Talk about entertaining...

From the silly to the sappy, the philosophical to the practical, every

once in a while an artist makes a statement that becomes memorable. Here

is the best of what was said in the Datebook pages of the Daily Pilot in

2001.

ON ART

"Every show has a certain amount of dressing."

-- John Slauson, prop carpenter, on the special effects used for the

March production of "The Lonesome West" at South Coast Repertory. Effects

for the Martin McDonagh comedy included an oven that blew open when shot

with a gun and a melted set of plastic Virgin Marys.

"It's amazing how creative you can get when you're starving."

-- Scot Bruce, Elvis impersonator, on why he chose to make a living

playing the King. In August, Bruce played an Elvis tribute concert at

Muldoon's Irish Pub in Newport Beach.

"The music is like the taste of a grapefruit."

-- Konstantin Rassadin, founder and artistic director of the St.

Petersburg State Ice Ballet, on Sergei Prokoviev's score for

"Cinderella." The ice ballet performed the fairy tale at Orange Coast

College in March.

"My playing is very close to the way we use language. The rhythms of

English, and I'm playing the language of the rhythms I'm hearing."

-- Stefon Harris, jazz musician, on his style. Harris played at the

Orange County Performing Arts Center in April.

"I feel there's a lot of things sometimes I cannot use my voice or

speech to talk about. But my music will explain it. My instrument is kind

of like my equipment to get in more contact [with] the world."

-- Karen Han, who plays the Chinese erhu (a violin-like instrument),

on her music. Han performed Tan Dun's selections from "Crouching Tiger,

Hidden Dragon" at the Irvine Barclay Theatre in October.

"The orchestra becomes my instrument. It becomes the sound of the

score, and I'm basically playing the orchestra."

-- Brian Tyler, film composer and Corona del Mar High School grad, on

what he uses to create his music. Tyler wrote the scores for "Panic" and

"Plan B."

"You can't force it to do something against its nature. Sometimes you

find you're in the middle of a piece and you find you can't force it to

do what you want it to."

-- Edna Kuhta, Newport Beach jewelry artist, on working with silver.

Kuhta's jewelry was displayed at the Boudreau-Ruiz Gallery earlier this

year.

"I think that sometimes museums and people involved in the arts field

underestimate the intelligence of the average person, whatever average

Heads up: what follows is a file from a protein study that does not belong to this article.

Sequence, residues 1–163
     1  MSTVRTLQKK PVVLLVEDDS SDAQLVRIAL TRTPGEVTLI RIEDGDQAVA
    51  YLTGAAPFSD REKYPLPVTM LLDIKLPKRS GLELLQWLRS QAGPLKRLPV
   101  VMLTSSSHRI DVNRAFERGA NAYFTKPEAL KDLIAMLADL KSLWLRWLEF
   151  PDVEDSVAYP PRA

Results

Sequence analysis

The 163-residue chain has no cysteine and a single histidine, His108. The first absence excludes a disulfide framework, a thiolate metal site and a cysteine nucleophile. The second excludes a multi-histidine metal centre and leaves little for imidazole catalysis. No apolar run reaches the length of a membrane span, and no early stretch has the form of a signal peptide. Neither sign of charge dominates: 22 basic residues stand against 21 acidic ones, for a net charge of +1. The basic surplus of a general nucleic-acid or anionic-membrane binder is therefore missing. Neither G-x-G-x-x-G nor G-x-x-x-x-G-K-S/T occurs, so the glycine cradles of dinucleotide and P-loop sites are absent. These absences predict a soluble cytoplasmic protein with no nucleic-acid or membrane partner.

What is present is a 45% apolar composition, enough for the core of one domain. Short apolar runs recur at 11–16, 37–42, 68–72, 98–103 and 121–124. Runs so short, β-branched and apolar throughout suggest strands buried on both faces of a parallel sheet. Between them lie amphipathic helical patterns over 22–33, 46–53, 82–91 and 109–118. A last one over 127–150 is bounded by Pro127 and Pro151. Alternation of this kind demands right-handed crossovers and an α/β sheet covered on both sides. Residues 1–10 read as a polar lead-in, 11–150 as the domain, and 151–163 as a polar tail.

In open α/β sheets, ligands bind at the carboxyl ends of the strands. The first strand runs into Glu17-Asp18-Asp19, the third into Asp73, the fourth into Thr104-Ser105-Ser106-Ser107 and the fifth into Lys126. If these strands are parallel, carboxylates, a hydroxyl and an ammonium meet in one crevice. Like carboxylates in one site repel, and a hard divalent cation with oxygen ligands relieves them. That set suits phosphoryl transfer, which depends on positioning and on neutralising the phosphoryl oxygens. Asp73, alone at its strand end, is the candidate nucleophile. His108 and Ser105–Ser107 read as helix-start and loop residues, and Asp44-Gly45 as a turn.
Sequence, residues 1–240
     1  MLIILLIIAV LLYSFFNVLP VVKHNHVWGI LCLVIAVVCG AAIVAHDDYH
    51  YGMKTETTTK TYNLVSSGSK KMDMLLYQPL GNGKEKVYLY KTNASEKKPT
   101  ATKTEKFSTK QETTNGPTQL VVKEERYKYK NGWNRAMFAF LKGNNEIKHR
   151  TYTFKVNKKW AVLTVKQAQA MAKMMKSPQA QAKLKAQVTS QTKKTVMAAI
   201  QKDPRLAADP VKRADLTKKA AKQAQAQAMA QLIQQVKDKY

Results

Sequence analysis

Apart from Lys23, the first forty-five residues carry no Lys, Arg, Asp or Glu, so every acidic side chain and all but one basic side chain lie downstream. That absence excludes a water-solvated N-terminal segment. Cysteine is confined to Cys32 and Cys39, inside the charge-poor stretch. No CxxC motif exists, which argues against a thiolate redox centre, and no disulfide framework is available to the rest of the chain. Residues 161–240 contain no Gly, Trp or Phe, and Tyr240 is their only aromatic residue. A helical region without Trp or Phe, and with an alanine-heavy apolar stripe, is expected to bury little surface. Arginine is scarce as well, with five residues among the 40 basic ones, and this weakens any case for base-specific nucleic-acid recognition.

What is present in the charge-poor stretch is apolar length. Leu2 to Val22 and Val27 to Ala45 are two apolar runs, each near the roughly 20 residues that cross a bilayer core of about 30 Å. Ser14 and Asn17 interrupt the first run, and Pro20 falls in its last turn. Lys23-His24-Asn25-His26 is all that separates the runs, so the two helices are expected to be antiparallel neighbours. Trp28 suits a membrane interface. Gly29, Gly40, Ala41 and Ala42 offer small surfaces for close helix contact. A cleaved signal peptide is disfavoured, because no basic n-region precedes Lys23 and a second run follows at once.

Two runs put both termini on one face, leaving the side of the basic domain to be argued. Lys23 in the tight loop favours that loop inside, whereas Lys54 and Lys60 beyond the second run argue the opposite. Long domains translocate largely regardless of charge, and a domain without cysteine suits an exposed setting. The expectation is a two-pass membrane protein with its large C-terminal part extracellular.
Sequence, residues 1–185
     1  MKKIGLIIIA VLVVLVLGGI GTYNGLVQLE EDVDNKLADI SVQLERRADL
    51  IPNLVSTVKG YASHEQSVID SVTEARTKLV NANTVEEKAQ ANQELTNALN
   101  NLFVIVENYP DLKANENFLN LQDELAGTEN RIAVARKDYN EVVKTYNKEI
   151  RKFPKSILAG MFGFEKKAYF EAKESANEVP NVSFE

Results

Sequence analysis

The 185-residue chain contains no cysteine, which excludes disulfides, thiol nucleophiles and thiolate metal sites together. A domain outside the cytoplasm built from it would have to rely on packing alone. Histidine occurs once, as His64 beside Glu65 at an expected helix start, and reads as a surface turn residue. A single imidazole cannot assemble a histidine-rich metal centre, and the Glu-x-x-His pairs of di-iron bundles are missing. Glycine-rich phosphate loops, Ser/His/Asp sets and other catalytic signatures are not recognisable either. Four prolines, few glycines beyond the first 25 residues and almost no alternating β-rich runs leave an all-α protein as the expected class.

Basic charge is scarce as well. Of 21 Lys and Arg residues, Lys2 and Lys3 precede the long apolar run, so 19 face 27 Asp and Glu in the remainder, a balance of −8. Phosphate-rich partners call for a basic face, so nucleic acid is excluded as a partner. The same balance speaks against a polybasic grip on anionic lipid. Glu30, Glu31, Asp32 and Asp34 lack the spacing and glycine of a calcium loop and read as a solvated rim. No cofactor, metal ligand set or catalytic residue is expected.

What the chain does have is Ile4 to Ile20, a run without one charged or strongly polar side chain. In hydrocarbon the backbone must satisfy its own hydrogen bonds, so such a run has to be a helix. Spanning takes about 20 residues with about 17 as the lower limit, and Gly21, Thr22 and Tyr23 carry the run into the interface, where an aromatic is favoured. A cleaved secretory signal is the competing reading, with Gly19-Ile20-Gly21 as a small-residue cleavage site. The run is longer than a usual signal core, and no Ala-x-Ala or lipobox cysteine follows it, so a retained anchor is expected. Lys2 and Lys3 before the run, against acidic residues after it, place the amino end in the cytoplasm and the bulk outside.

means."

-- Howard Ben Tre, artist, on wanting people to find their own way to

his art. The Brooklyn native's cast glass sculptures were on display at

the Orange County Museum of Art.

"It's a really beautiful and incredible experience when an image stops

and you see it moving, or your brain says it's moving but it's not."

-- Jennifer Steinkamp, artist, describing her video work "X-Ray Eyes,"

which she co-created with artist Jimmy Johnson. In March, the abstract

computer animation was part of "One Wall: A Video Series" at the Orange

County Museum of Art.

ON LIFE

"Life is really about your family and your niece and nephew and

friends. Entertainment is incredibly rewarding, but it's not everything."

-- Kristin Chenoweth, singer and actress, on keeping herself grounded.

Chenoweth, who won a Tony Award as Sally in "You're A Good Man, Charlie

Brown," performed at the Orange County Performing Arts Center in January.

"If the aging process isn't about growing wiser, then what is its

purpose? If we don't learn from our mistakes and all the other things

around us that permit us to learn, then shame on us."

-- Barton C. Friedberg, teacher of a class unofficially titled

"Reading Shakespeare" at the Balboa Performing Arts Theater, on learning

about the Bard's works at a late age.

"Any day above ground is a good one."

-- Malachy McCourt, author and actor, on life. McCourt, who wrote

"Singing My Him Son," appeared at the Newport Beach Central Library in

October.

"When I was a little kid living in the cotton field, if you didn't go

out there and pick your own [darn] piece of cotton, you didn't get your

piece. Why are we in general asking others to help us? God helps those

who help themselves."

-- Eartha Kitt, actress, on her philosophy for life. In June, Kitt

played the fairy godmother in "Cinderella" at the Orange County

Performing Arts Center.